Chuck continued with some further differentiators that make Redline stand out from the competition, starting with team and culture. “We have significant technical expertise in all areas of our business and at all levels. From operator/sewer through to top management, we have employees who are experts in all the different core areas of our business, such as engineering, helping with new product design-for-manufacturability, tooling design and sourcing, both foreign and domestic, logistics and vendor-managed inventory. You typically don’t find that in a business of our current size, but it is making a significant difference in our ability to grow rapidly.”

The next area Chuck identified was Strategic Risk Taking, where he noted that Redline has been successful at managing its risk while onboarding new equipment as well as training new team members. “This is so that, by the completion of the new machinery installation and employee training, we have customers to fill the new capacity. This makes us attractive to customers with larger books of business who are not being serviced by their current supplier,” he explained. “Many businesses wait to justify capital expenditures for new machinery until they reach 80 percent-to-100 percent capacity. Given the current constraints on many supply chains, this concept greatly handicaps growth. We take calculated risks trusting that we will continue to find great customers/partners to help fuel their and our growth.”

From Chuck’s description, it was clear that Redline must devote extreme efforts into innovation and the process of new product development, in order to continually produce and improve on its impressive line-up. “We have full scale engineering services on both the plastics and cut and sew side of our business,” he confirmed. “From designing our own concepts/projects to helping our customers bring their innovative ideas to life, we provide a one-stop-shop and can handle new projects from napkin sketch through direct shipment to end user.”

Collaborative approach
A new range of motorcycle ratchet covers and a line of folding UTV windshields have both been released recently, and Chuck also gave another example of Redline’s collaborative customer approach. “A company asked us to assist with the design of a great concept – a cargo container that was to be used by the military to deliver specific cargo loads to strategic locations from an airplane,” Chuck elaborated. “The soldier would be attached to the cargo container and when both soldier and container hit the ground, the case would be opened to get the contents to their immediate strategic location. We were able to provide design engineering assistance to make it manufacturable and incorporate all of the ‘bells and whistles’ to help them get the end product they wanted, which was a case that was waterproof, could carry up to 1000 pounds and withstand the force of hitting the ground at a relatively high speed, and fit the rail systems of our military’s standard cargo drop system. This project was a combination of educating our customer on materials and our expertise in designing a working product that met the needs of our armed service members.”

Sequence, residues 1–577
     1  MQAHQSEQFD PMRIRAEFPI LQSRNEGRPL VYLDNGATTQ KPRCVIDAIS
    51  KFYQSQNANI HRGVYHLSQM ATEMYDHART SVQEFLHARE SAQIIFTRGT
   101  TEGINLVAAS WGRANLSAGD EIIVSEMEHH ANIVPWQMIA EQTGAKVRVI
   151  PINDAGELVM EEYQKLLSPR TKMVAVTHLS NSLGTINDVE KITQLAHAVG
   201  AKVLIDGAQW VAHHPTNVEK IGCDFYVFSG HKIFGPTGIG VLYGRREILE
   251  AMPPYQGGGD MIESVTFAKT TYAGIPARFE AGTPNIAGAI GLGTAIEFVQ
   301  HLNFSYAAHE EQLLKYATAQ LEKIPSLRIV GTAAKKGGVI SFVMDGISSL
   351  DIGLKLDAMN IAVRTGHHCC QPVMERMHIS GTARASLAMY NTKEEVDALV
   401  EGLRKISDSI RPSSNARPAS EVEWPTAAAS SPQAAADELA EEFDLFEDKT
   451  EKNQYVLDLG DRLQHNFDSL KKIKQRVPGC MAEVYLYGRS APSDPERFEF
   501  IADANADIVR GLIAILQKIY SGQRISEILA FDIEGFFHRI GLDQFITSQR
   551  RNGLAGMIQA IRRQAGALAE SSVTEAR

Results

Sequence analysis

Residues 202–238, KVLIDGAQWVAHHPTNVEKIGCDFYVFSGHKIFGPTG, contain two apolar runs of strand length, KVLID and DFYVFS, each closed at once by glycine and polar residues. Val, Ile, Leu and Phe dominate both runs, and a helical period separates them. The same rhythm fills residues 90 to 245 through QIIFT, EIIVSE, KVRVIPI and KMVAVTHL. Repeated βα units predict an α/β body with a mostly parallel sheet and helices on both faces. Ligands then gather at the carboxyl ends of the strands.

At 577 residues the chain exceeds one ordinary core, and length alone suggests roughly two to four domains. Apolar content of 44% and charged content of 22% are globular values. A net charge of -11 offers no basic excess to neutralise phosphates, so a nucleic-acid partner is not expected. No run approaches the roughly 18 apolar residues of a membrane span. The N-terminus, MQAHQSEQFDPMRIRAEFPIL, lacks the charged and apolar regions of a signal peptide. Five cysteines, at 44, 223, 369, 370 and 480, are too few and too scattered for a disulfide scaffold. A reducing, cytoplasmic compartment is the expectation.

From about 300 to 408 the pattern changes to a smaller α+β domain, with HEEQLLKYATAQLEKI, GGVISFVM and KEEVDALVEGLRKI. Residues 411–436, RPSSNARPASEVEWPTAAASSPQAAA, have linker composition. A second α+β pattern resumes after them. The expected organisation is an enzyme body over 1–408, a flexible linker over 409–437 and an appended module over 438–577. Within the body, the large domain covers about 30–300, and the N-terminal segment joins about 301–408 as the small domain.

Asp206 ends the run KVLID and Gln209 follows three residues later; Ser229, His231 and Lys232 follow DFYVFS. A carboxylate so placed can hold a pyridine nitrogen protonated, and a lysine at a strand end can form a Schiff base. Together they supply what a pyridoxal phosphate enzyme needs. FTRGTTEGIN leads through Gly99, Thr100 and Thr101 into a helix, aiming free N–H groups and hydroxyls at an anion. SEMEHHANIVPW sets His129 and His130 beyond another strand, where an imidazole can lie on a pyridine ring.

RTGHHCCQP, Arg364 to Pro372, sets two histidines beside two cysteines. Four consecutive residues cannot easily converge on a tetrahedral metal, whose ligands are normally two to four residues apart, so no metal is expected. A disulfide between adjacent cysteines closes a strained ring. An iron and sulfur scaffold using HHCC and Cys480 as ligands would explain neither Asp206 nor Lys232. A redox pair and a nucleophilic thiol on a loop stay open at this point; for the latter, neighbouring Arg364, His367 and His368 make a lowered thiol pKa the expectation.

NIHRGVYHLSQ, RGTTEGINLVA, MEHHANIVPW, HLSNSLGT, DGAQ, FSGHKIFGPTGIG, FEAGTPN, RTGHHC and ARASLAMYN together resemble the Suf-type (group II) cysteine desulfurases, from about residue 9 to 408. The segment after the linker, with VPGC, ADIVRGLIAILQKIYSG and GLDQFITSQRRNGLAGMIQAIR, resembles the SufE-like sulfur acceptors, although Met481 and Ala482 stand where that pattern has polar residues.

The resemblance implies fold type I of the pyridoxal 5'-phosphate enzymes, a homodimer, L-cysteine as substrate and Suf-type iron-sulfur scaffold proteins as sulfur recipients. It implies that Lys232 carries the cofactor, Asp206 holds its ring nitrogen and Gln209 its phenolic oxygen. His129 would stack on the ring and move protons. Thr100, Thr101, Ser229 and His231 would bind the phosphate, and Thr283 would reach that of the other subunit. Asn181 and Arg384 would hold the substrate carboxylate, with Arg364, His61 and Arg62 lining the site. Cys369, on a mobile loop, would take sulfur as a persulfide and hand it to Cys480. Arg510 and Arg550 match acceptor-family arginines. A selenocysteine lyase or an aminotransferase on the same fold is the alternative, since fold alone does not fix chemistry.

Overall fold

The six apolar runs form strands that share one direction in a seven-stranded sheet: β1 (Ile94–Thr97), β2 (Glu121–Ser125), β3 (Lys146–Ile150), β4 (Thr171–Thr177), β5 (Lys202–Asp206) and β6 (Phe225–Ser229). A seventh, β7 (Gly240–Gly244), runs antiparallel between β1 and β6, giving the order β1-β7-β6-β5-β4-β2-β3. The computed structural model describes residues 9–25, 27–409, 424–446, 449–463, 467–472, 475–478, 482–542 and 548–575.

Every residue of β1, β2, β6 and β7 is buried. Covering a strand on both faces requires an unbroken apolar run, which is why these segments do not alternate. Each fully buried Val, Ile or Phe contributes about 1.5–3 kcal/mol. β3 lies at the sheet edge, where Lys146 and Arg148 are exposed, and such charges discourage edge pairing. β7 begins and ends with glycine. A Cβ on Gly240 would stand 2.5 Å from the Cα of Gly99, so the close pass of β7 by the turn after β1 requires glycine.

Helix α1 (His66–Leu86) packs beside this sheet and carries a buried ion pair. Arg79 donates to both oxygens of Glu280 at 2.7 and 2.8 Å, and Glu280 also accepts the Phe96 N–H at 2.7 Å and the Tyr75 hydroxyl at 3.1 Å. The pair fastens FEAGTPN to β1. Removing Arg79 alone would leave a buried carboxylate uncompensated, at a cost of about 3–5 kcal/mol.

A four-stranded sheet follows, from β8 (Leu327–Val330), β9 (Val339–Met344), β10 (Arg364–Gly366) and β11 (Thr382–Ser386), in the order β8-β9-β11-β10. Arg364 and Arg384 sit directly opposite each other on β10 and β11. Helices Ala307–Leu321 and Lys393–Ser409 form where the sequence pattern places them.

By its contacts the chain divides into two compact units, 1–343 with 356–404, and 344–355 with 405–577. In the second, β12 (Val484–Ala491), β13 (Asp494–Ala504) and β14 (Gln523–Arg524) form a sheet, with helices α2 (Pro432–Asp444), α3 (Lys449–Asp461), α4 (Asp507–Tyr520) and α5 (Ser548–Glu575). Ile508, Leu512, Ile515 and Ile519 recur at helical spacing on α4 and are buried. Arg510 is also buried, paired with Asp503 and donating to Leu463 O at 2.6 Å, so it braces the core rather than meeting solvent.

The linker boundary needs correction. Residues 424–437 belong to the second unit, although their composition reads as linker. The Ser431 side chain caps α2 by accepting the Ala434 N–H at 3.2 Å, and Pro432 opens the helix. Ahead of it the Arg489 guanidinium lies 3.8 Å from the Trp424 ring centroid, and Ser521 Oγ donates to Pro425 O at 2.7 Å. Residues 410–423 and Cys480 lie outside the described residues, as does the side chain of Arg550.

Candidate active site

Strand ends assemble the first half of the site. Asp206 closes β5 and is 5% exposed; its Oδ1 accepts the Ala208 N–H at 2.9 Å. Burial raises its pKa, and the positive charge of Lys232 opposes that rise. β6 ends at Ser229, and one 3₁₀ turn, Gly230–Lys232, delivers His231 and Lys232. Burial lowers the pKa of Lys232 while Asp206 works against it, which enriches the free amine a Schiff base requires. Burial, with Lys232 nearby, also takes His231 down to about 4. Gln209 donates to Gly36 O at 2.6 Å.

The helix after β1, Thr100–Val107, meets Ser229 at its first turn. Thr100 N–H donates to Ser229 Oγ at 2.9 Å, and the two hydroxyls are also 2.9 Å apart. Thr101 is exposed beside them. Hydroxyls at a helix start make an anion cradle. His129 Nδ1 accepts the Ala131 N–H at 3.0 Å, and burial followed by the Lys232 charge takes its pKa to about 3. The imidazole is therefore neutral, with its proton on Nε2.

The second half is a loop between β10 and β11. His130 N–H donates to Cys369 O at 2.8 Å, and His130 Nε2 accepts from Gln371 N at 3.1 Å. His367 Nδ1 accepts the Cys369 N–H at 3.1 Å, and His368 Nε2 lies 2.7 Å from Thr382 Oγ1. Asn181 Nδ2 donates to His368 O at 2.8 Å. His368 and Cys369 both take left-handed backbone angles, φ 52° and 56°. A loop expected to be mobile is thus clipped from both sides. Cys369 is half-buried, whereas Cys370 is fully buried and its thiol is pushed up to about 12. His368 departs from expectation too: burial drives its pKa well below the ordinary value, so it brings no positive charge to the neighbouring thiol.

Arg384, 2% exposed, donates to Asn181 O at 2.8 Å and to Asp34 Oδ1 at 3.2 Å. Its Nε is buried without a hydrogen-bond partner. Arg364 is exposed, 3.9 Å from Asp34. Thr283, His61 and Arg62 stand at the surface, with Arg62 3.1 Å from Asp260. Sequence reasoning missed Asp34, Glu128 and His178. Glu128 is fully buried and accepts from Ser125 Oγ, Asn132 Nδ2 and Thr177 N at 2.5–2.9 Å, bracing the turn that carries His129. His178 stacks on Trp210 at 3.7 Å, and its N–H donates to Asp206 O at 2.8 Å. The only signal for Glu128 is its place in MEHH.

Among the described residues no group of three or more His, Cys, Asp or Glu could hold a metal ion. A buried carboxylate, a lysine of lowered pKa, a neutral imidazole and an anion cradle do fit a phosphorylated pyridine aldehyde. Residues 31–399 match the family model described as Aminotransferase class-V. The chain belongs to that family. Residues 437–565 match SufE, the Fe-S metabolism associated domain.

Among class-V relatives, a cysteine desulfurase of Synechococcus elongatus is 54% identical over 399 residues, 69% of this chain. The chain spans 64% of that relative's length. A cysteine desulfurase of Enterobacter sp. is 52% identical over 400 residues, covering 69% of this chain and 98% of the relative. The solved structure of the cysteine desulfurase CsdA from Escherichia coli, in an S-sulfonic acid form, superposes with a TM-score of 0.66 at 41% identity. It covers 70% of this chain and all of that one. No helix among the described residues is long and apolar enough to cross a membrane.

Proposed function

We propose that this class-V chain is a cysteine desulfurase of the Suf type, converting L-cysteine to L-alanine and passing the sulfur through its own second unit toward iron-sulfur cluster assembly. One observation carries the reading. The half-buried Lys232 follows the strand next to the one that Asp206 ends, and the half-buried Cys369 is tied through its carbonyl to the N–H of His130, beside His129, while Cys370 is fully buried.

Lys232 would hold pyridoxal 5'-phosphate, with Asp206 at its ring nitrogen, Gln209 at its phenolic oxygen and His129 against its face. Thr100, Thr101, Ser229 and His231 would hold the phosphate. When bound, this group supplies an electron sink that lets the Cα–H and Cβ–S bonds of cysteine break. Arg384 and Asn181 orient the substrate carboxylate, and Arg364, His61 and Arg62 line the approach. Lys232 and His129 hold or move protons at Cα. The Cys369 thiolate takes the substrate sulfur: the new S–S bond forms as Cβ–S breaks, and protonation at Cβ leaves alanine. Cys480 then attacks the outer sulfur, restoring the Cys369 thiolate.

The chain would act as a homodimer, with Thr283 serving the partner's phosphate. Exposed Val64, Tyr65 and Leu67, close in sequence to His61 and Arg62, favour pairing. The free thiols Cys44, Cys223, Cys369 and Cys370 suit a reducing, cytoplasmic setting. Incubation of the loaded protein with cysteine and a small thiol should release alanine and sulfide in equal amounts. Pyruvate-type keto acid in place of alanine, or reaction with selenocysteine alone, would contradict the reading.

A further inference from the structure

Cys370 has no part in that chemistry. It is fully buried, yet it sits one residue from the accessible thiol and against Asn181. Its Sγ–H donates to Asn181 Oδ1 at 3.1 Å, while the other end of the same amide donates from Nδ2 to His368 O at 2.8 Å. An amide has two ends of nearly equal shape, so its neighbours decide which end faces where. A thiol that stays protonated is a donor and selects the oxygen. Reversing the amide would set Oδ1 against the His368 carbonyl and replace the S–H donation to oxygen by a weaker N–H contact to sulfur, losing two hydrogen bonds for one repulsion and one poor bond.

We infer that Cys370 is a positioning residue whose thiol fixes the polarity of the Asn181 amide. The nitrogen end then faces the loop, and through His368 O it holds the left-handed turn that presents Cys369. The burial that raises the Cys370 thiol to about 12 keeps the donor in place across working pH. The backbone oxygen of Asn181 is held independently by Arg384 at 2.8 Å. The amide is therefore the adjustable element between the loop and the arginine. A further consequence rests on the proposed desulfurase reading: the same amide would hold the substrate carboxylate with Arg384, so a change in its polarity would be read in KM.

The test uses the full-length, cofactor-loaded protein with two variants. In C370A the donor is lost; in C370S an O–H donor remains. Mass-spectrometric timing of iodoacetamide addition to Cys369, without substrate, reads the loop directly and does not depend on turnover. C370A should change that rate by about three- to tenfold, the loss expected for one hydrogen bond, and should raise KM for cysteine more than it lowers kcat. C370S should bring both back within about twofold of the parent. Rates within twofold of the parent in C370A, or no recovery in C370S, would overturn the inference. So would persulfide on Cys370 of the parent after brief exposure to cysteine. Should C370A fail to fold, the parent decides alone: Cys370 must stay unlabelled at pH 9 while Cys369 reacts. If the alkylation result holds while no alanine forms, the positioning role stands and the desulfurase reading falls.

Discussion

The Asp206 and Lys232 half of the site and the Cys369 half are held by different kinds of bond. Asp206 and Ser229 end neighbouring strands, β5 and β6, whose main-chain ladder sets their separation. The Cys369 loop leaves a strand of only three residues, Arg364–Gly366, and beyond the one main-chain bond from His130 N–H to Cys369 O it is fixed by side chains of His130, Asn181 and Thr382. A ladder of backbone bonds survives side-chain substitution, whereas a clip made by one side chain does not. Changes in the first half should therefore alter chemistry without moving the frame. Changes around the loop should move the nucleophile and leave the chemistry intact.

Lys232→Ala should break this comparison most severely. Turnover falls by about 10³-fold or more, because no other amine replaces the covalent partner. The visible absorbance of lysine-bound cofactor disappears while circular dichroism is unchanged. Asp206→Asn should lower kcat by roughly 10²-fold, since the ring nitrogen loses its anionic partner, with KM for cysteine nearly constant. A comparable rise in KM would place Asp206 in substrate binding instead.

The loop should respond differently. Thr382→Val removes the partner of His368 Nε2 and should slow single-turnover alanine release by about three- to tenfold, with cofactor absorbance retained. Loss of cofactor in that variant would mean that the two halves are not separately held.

Redline is also happy to trial new and unique resins for customers to improve costs, and offer suggestions during initial product design to help make durable, unique and manufacturable products for the use intended.

“We have several design engineers who have come together to deliver 20+ new products under our branded lines to market this year alone,” added Chuck. “This is in addition to servicing our OEM customers who continue to have significant and specific design needs. We have internal processes that are followed for new product development and are geared towards our own manufacturing capabilities. From concept design through testing, our innovative engineers constantly deliver fresh ideas that also require unique testing parameters to ensure the products are ready and safe for the market.”